Technical analyst Clive Maund charts the U.S. stock market to see whether a bounce may be in the works.
You've got to feel sorry for poor old Mom & Pop—after about eight or nine years of sitting on the sidelines, they finally get conned into venturing into the stock market at last, only to get promptly lynched. Somebody's got to get left holding the bag, right?
On 29th January it was written in BROAD US STOCKMARKET MELTUP update, "The higher is gets the more dangerous it becomes, and now we have news that this melt up in the broad market is being driven by the retail investor, just as we would expect going into the top. SentimentTrader reports that so far this month, 34% of the trades have been accounted for by E-Trade and TD Ameritrade, more than triple the low in 2016, with daily average revenue trades skyrocketing."
Looking at the latest 6-month chart for the S&P500 index, we can see that it reversed on Friday, at its rising 200-day moving average, leaving behind a bullish high volume candlestick on its chart that approximates to a hammer. Thus it now looks like we will see a more significant bounce before the market drops to the first downside target shown on the 2-year 3-month chart in the CRASH TARGETS update posted early on Friday. We saw this happening and ditched all our Puts for a good profit, especially our oil Puts, which we sold right at the bottom.
What should we now expect? Given that the market was the most overbought in history following what amounted to a parabolic ramp into a blowoff top, and that it was largely driven by speculative fantasy, a brutal bear market is to be expected that will erase 30%–50% of its value. However, a market never normally goes into complete collapse from way above a 200-day moving average; usually a drop like this into a rising 200-day moving average is followed by a significant relief rally that allows this average to climb even higher and then roll over—this permits the rotation of more stock from stronger to weaker hands. Thus we should be aware that the market could retrace perhaps 50% of the plunge, which would take it back to the 2725 area, although when the time comes we will be flexible in deciding when it's done. After that it should roll over and drop hard again. So our battle plan is to wait on that and then short it again if the time looks right (or buy inverse ETFs).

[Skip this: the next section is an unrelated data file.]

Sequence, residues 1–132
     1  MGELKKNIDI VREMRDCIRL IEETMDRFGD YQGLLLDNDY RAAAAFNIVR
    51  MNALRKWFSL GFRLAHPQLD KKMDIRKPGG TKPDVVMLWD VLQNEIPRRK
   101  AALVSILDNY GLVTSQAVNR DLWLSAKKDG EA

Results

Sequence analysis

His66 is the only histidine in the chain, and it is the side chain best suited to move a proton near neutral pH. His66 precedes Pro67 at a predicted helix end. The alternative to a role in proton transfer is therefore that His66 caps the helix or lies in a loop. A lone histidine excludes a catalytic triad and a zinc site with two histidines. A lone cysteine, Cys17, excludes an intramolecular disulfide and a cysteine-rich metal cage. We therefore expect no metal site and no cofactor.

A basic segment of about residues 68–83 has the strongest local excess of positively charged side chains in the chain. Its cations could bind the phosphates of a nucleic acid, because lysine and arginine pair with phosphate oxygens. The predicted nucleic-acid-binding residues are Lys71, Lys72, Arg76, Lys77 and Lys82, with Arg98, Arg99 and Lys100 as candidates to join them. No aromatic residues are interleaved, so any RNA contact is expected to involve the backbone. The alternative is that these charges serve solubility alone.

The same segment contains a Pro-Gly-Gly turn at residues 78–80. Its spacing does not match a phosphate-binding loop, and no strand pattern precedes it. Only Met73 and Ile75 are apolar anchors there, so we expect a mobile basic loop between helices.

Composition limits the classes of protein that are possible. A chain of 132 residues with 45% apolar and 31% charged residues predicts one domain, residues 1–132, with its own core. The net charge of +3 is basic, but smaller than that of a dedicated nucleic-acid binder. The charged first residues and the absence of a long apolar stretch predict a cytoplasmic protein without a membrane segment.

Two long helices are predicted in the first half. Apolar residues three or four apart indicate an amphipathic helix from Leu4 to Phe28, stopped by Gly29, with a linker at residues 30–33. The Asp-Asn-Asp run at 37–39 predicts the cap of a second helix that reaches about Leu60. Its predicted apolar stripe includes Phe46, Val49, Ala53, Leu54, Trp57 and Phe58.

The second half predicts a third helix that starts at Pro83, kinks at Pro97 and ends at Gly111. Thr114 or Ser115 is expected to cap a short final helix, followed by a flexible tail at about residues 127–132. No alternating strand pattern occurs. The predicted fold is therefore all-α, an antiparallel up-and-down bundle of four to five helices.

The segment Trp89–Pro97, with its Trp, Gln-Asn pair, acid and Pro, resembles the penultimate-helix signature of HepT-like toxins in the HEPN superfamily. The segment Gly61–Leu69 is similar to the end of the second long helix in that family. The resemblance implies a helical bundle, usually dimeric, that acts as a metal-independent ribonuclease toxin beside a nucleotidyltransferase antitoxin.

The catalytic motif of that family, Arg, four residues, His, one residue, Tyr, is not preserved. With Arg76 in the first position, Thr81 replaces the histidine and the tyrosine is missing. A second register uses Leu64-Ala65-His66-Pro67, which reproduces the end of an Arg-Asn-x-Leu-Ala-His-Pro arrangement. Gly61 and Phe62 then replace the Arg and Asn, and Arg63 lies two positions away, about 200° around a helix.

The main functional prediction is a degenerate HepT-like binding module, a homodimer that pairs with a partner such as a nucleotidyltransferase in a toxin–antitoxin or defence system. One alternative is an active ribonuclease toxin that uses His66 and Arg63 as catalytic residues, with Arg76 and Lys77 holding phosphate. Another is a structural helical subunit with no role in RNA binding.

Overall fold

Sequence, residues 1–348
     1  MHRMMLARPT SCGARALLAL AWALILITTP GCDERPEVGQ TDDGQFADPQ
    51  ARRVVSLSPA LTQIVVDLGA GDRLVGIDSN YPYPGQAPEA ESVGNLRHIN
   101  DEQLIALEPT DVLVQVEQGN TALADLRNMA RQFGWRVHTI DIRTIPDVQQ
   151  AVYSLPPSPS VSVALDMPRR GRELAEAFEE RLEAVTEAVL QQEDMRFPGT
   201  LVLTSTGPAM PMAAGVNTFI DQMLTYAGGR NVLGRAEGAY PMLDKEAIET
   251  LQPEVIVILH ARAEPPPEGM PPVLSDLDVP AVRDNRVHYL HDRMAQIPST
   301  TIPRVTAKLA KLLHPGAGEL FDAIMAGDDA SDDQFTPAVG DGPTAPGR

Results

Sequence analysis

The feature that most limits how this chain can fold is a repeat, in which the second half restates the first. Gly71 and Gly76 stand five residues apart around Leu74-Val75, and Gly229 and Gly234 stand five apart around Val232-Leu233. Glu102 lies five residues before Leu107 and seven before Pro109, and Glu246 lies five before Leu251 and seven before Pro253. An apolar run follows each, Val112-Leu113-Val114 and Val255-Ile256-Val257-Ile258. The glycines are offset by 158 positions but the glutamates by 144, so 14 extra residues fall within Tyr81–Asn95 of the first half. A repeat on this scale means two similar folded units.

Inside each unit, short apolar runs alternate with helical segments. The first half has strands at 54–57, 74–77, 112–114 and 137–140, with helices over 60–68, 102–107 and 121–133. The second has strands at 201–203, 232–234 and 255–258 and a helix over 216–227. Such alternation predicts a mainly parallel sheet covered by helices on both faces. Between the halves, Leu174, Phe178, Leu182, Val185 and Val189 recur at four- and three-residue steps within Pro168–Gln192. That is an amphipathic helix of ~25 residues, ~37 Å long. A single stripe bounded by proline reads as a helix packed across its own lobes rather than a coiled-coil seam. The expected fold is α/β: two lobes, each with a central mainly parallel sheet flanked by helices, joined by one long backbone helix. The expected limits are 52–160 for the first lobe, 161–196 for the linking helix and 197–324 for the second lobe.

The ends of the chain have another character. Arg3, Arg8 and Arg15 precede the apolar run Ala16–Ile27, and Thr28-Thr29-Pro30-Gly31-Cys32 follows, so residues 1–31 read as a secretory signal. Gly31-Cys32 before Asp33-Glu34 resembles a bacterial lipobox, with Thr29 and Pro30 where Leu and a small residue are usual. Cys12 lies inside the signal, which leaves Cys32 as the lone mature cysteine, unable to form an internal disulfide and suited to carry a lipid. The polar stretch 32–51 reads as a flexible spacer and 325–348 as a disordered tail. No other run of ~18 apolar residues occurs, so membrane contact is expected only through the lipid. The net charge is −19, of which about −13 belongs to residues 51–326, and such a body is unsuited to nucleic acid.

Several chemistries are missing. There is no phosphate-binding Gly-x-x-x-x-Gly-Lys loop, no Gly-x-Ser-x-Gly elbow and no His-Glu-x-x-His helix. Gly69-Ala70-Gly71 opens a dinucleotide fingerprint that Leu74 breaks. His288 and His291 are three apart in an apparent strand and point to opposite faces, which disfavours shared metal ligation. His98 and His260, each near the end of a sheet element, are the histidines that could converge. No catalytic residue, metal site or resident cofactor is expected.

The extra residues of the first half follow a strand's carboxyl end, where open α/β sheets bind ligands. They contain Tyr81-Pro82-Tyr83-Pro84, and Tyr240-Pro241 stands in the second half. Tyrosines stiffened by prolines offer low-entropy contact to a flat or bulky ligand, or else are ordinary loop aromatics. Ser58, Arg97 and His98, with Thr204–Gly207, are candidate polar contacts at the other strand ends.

The latest chart showing Smart and Dumb Money confidence is actually funny, as it shows the little guy "foaming at the mouth" bullish going into the top, and then legging it for the hills late last week, when, it is most interesting to observe, Smart Money quickly became bullish. This provides important evidence that our assertion that the broad market is set for a significant bounce is indeed correct, and we may even need to raise our target for this move. Gold and silver stocks will advance at the same time.
Click on chart to pop-up a larger, clearer version.
Chart courtesy of sentimentrader.com
Clive Maund has been president of www.clivemaund.com, a successful resource sector website, since its inception in 2003. He has 30 years' experience in technical analysis and has worked for banks, commodity brokers and stockbrokers in the City of London. He holds a Diploma in Technical Analysis from the UK Society of Technical Analysts.
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Charts provided by the author.
CliveMaund.com Disclosure: The above represents the opinion and analysis of Mr Maund, based on data available to him, at the time of writing. Mr. Maund's opinions are his own, and are not a recommendation or an offer to buy or sell securities. Mr. Maund is an independent analyst who receives no compensation of any kind from any groups, individuals or corporations mentioned in his reports. As trading and investing in any financial markets may involve serious risk of loss, Mr. Maund recommends that you consult with a qualified investment advisor, one licensed by appropriate regulatory agencies in your legal jurisdiction and do your own due diligence and research when making any kind of a transaction with financial ramifications. Although a qualified and experienced stockmarket analyst, Clive Maund is not a Registered Securities Advisor. Therefore Mr. Maund's opinions on the market and stocks can only be construed as a solicitation to buy and sell securities when they are subject to the prior approval and endorsement of a Registered Securities Advisor operating in accordance with the appropriate regulations in your area of jurisdiction.
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